But before it gets to that, how about trying some positive encouragement first?
You could, for example, give an extra day off to people who have completed a particular course or course module. Or give a bonus to those who had the best training results. Or maybe just praise your best learners openly, in a company wide email or within earshot of the other employees.
There are may ways you can go about it, including a virtual way, which we’ll describe in the very next tip, but the main goal remains the same: you want to make employees feel that increased participation in the company’s eLearning program is something that will be appreciated by upper management.
6. Let the games begin
Adding an element of play is another sure-fire way of making any process more fun and engaging.
In web based employee training software, or any other kind of software for that matter, this can be achieved through a technique known as “gamification”.
Increasingly popular in eLearning and even more so in mLearning, gamification refers to the use of game-inspired techniques to increase engagement in a non-gaming activity. It’s not kid stuff either: applicable to learners of any age, gamification has demonstrable and measurable effects, as well as deep roots in pedagogy, cognitive science and human psychology.
eFront offers several built-in gamification features, such as points, badges, levels and leaderboards, and it even allows instructors to mix and match them and to customize their behavior in order to implement a particular gamification strategy. It also allows companies to use their custom badges and naming schemes, to get them more consistent with their training content.
We suggest you try to incrementally introduce a few gamification elements to your employee training — you’ll soon discover that there’s nothing like a little competitive element to increase learning engagement and get your employees to try to outdo each other.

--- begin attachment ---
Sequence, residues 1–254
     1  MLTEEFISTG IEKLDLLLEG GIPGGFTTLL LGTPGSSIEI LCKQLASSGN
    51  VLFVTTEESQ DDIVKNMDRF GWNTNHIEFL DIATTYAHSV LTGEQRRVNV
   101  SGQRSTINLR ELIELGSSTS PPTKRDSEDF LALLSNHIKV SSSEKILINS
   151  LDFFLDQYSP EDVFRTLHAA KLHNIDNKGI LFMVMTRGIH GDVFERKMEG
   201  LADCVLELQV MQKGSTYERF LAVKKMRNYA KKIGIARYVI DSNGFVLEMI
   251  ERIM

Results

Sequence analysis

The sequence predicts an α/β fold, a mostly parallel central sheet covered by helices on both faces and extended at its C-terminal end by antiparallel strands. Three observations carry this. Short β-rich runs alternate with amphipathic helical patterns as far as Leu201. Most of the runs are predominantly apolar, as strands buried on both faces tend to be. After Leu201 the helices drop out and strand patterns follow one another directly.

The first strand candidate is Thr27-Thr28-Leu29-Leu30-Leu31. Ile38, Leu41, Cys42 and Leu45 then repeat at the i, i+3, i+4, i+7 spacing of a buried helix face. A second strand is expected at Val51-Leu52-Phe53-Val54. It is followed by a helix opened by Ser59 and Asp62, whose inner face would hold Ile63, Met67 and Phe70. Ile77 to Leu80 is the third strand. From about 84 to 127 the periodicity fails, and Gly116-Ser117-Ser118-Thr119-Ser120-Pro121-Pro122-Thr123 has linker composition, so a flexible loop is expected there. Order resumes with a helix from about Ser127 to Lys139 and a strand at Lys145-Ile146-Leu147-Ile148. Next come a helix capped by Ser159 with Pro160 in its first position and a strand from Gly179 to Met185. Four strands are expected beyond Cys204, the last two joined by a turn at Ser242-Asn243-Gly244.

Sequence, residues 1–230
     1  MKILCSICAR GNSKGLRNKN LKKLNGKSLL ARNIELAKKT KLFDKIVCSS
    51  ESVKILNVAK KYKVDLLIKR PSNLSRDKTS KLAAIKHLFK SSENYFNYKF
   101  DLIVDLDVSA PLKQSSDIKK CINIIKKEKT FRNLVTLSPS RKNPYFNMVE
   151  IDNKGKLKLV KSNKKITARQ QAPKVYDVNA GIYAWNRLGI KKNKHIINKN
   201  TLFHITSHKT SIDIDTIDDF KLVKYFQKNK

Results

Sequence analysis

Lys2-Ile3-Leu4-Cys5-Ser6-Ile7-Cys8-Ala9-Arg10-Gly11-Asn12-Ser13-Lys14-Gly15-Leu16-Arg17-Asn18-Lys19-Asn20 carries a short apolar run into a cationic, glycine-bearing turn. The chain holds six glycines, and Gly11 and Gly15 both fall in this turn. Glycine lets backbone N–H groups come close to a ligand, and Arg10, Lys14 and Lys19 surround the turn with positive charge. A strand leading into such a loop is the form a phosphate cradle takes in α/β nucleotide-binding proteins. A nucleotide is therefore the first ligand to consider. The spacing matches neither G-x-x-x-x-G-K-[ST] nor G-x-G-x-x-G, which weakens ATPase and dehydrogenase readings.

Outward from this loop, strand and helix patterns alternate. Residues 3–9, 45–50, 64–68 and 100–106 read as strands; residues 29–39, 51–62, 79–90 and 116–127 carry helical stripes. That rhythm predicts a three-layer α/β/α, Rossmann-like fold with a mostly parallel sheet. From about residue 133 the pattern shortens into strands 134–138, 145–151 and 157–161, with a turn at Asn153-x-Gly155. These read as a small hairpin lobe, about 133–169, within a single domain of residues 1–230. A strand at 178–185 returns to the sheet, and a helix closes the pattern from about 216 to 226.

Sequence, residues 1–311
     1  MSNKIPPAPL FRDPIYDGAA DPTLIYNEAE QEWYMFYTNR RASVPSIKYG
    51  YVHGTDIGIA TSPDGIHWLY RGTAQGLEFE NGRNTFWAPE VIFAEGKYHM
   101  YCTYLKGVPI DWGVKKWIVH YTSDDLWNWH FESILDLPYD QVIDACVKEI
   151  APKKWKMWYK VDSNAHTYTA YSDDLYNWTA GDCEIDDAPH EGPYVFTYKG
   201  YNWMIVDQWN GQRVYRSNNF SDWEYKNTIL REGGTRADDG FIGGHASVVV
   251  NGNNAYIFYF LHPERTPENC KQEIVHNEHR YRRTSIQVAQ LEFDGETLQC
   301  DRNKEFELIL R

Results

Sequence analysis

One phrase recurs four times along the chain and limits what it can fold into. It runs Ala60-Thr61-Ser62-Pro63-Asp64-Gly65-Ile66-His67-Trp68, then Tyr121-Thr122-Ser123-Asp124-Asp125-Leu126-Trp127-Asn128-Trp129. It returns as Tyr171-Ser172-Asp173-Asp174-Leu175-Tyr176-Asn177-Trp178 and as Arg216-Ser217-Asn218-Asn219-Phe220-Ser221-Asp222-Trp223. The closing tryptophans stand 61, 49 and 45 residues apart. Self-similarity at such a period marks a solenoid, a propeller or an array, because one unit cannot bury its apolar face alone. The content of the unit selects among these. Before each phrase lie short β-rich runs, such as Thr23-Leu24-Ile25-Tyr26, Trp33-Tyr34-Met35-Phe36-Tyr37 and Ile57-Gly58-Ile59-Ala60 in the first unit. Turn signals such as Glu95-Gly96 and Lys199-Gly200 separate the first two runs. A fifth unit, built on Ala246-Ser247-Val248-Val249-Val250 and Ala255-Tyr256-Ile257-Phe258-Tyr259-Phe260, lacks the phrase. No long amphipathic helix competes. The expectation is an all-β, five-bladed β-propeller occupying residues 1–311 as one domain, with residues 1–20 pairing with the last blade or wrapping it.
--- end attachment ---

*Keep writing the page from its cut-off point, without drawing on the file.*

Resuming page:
7. Hear them out
Training should always be seen as an interactive affair.
By this we mean that there should be a two-way connection between instructors and learners, such that not only the learners acquire new knowledge and guidance from their instructors, but the instructors also get important feedback from the learners, which enables them to improve their course content and teaching approach.
This is just as important for web based employee training as it is for traditional classroom based training. Perhaps even more so, as in traditional learning teacher and learner interaction is inevitable, whereas in eLearning you need to work hard to achieve it.
Where we’re getting with this is simple: you should listen to your learners. They’ll tell you what works and what doesn’t work in your training courses. Some things might be too abstract, while others might be overly specific. Others, yet, might be hard to understand, or written in a confusing way. There will be also some things that your learners might want to see covered in their courses — stuff that your instructors didn’t consider, or thought was too trivial.
Have your instructors listen to your employee feedback and suggestions, and have them iterate on the course materials until they get them just right.
A modern enterprise LMS like eFront makes the whole process extremely easy, allowing you to work on your content iteratively, create new versions and re-use stuff with ease.
8. Numbers don’t lie
To best way to make sure that your employees are up to date with their eLearning courses is to be up to date with your employees’ training progress yourself.
Don’t just wait for their final test results — take advantage of your eLearning management platform’s reporting capabilities to track their attendance, scores, and overall progress.
eFront, for example, offers a flexible and intuitive reporting system that allows you to track, monitor and chart employee training progress across your whole company, for a particular department or branch, or for any particular employee. And you can even configure eFront to notify you with an email when a particular event, like an employee completing a course module, or test scores becoming available, occurs.
By leveraging your LMS monitoring and reporting capabilities you can get a good, and quantifiable sense of the progress of your employee training program, and easily spot problematic lessons and courses or employees that need a little extra help.
In this post we’ve examined a few tips and techniques for increasing participation and engagement in your company’s online employee training program. The main takeaway we’ve tried to drive home is that running an effective eLearning program needs organizational support and supervision.
Do you have any relevant tips to share with our readers? Let us know in the comments section and we’ll try to cover the best of them on a follow-up post.